• Keefe D, Tran P, Pellegrini C & Oldenbourg R 1997 Polarized light microscopy and digital image processing identify a multilaminar structure of the hamster zona pellucida. Human Reproduction 12 12501252. (doi:10.1093/humrep/12.6.1250)

    • Search Google Scholar
    • Export Citation
  • Keefe D, Liu L, Wang W & Silva C 2003 Imaging meiotic spindles by polarization light microscopy: principles and applications to IVF. Reproductive Biomedicine Online 7 2429. (doi:10.1016/S1472-6483(10)61724-5)

    • Search Google Scholar
    • Export Citation
  • Koester M, Mohammadi-Sangcheshmeh A, Montag M, Rings F, Schimming T, Tesfaye D, Schellander K & Hoelker M 2011 Evaluation of bovine zona pellucida characteristics in polarized light as a prognostic marker for embryonic developmental potential. Reproduction 141 779787. (doi:10.1530/REP-10-0471)

    • Search Google Scholar
    • Export Citation
  • Kilani SS, Cooke S, Kan AK & Chapman MG 2006 Do age and extended culture affect the architecture of the zona pellucida of human oocytes and embryos? Zygote 14 3944. (doi:10.1017/S0967199406003625)

    • Search Google Scholar
    • Export Citation
  • Lagutina I, Lazzari G, Duchi R, Colleoni S, Ponderato N, Turini P, Crotti G & Galli C 2005 Somatic cell nuclear transfer in horses: effect of oocyte morphology, embryo reconstruction method and donor cell type. Reproduction 130 559567. (doi:10.1530/rep.1.00772)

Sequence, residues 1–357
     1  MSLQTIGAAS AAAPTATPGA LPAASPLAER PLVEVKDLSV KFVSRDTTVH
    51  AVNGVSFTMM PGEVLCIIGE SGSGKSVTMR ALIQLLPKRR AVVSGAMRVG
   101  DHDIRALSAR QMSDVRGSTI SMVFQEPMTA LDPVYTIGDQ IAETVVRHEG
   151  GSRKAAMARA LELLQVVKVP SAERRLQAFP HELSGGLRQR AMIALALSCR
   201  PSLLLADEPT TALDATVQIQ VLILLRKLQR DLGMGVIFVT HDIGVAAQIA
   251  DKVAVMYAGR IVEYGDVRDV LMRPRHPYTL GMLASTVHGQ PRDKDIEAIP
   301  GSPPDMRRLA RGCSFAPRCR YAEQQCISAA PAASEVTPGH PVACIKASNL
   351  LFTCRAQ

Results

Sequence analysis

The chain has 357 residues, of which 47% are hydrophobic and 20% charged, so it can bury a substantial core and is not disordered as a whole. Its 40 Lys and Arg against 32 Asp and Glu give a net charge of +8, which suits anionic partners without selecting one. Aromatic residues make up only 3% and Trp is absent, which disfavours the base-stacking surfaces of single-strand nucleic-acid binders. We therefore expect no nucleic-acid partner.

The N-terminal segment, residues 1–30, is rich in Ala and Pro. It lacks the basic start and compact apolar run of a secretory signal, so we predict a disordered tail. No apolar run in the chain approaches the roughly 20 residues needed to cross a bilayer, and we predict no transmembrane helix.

• Search Google Scholar
    • Export Citation
  • Liu L, Ju J & Yang X 1998 Differential inactivation of maturation-promoting factor and mitogen-activated protein kinase following parthenogenic activation of bovine oocytes. Biology of Reproduction 59 537545. (doi:10.1095/biolreprod59.3.537)

    • Search Google Scholar
    • Export Citation
  • Madaschi C, Aoki T, Paes de Almeida Ferreira Braga D, de Cássia Sávio Figueira R, Semião Francisco L, Iaconelli A & Borges E 2009 Zona pellucida birifrangence score and meiotic spindle visualization in relation to embryo development and ICSI outcomes. Reproductiove Biomedicine Online 18 681686. (doi:10.1016/S1472-6483(10)60014-4)

    • Search Google Scholar
    • Export Citation